What Should I Do if I Have Moisture in My Basement?

Moisture, in general, can cause all kinds of problems in the basement, including mold and the destruction of flooring and wall materials. But how do you prevent moisture or flooding in the first place? There are a few simple steps to stop this problem in its tracks, as well as a few solutions for having an attractive floor that is also moisture-resistant.

Cause of basement moisture

Most basement water moisture comes from one of these three places:

Water from the ground

That water could get into your basement if you don’t have the right slope, downspouts, and gutters.

Interior moisture

Some of the water in our basements comes from or is made in our basements. Some of these sources are dryers, showers, cooking, humidifiers, and even concrete that has just been poured.

Exterior humid air

When it’s warmer outside, we often open the basement windows to let in more air. But letting humid air from outside into our cool basements can make the walls and floors wet.

Solutions to basement moisture problems

Exterior Maintenance

Often, the source of moisture or flooding begins outside the home. Gutters collect and move mass amounts of water on a single home with just a few inches of rainfall. A quick inspection of your gutters, downspouts, and the grading surrounding your foundation can indicate a potential problem. Gutters should be clean and properly sized for your home.

Downspouts should draw drainage away from the home to the lowest portion of your lot. In other words, the water should be directed to where it would drain naturally. Some areas allow drainage systems connected to city storm sewers and retention basins.

Check with your area’s water and sewer department before making any changes involving public systems.

The surface grading around your home should provide a gentle slope away from your foundation, pulling any added rainfall or moisture back into your lawn. Most building codes state that the surface grading should slope down at least six inches in the first ten feet from the house. Check with your local building codes to determine your area’s specifics.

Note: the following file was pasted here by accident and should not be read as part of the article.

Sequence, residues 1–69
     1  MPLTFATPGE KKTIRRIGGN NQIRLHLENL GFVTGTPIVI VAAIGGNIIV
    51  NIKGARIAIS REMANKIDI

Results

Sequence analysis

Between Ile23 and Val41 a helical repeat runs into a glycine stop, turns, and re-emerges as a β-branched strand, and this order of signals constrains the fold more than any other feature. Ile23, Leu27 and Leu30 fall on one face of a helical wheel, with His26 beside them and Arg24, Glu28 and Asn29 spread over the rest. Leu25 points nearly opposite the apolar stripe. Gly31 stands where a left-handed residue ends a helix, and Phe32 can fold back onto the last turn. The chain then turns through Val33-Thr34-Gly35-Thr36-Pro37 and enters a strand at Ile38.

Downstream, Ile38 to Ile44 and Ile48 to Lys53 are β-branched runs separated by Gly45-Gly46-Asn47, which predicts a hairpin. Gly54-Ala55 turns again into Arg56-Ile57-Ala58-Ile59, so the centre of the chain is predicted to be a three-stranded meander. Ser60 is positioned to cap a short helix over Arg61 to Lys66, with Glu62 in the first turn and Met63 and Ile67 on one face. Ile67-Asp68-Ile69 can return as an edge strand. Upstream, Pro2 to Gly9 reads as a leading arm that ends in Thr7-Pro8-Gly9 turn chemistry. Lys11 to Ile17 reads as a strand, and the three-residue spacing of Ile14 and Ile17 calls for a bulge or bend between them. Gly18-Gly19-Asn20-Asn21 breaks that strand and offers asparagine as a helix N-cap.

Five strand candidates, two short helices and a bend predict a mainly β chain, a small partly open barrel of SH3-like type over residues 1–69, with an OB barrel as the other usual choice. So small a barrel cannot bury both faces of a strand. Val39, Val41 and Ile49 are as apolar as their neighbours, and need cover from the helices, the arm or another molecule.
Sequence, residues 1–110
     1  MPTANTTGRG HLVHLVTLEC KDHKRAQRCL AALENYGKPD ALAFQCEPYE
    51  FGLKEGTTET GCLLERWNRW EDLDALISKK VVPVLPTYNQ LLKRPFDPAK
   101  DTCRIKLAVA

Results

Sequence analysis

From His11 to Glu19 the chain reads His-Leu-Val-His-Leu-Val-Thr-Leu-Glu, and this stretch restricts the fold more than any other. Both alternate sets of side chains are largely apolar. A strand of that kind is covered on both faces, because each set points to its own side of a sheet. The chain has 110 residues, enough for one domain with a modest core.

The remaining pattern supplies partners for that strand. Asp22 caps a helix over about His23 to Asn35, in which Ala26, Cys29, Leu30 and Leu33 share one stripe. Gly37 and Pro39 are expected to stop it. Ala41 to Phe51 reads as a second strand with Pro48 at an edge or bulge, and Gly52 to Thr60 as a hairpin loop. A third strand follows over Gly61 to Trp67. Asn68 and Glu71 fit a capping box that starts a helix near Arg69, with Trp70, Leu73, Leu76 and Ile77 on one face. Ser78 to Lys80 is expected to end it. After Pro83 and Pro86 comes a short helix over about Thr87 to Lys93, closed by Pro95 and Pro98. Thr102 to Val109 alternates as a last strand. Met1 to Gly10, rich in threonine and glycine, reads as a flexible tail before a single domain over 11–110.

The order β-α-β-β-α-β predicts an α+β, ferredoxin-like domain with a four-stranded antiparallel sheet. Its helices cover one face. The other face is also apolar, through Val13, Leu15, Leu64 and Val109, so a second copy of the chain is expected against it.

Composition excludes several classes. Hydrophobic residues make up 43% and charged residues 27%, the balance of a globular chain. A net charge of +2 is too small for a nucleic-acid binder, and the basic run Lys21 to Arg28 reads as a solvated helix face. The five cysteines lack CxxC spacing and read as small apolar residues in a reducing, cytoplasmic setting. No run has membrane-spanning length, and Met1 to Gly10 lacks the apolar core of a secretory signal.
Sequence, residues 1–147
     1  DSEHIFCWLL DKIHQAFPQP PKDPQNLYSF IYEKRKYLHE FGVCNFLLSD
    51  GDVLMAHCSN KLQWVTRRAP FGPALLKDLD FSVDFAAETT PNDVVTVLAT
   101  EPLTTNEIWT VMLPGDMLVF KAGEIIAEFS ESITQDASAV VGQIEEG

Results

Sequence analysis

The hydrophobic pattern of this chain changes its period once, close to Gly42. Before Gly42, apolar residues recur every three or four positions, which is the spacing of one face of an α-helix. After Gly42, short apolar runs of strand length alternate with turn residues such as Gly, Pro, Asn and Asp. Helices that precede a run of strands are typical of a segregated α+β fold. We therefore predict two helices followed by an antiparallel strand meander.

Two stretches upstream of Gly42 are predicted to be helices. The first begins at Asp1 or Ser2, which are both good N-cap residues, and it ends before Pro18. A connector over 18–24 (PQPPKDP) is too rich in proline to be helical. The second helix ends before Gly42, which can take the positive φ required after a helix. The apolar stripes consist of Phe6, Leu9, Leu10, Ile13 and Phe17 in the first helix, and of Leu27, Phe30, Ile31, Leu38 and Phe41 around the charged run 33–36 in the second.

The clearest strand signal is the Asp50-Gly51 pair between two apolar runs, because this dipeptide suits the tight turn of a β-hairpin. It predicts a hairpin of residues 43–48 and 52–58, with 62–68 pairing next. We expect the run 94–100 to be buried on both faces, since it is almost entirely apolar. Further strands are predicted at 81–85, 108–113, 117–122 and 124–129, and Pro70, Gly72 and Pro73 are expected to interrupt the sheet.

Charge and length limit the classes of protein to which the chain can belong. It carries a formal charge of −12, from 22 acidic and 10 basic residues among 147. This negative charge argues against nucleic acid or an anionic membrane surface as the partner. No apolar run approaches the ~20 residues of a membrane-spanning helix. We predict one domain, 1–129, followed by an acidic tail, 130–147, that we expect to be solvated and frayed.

Interior Maintenance

Some basic steps for keeping your basement moisture-free are to provide proper ventilation for dryers, bathrooms, or any other moisture sources and ensure that your sump pump is in proper working order. It is essential in dealing with moisture, and during a flood can save homeowners thousands of dollars.

A dehumidifier can help remove moisture from the air, which can aid in the prevention of the formation of mold.

Applying a waterproof sealant can keep moisture at bay and is not only easy but relatively inexpensive to apply. Walls and flooring must be prepared before the sealant is applied by scraping away loose materials, filling in cracks, and creating the cleanest surface possible by vacuuming. Simply follow the instructions included with the sealant for the application and drying processes.

Suppose a sealant has been used in the past but is no longer effective. In that case, you may need to remove the old material from your flooring before applying a fresh coat. This can be time-consuming, but a little bit of extra work at the beginning of the process will yield a dry, moisture-free basement in the long run.

Flooring Solutions

Suppose your basement is mostly used for doing laundry and completing small projects. In that case, a fresh, bright coat of paint is often enough to improve the appearance and help keep moisture at bay. However, a finished basement may have carpeting, tiles, and even hardwood flooring in some cases. Moisture and flooding can cause thousands of dollars worth of damage to these types of materials.

Water-resistant carpet tiles are a simple, attractive, and cost-effective alternative to these typical flooring materials. Not only do carpet tiles not require a carpet pad, which can become soaked with water, causing a nightmare for homeowners dealing with flooding, but the tiles themselves are often water resistant. They can be individually removed, cleaned, dried, and replaced in their original position at no cost to the homeowner.

With a little knowledge and preparation, you can have a dry basement and an attractive and inviting space that will likely add to the ultimate resale value of your home.

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About the author
Ben White has written thousands of articles on everything home improvement. He has had the privilege of writing for such websites as the Huffington Post, DeWalt, Houzz.com, HGTV, and many others.

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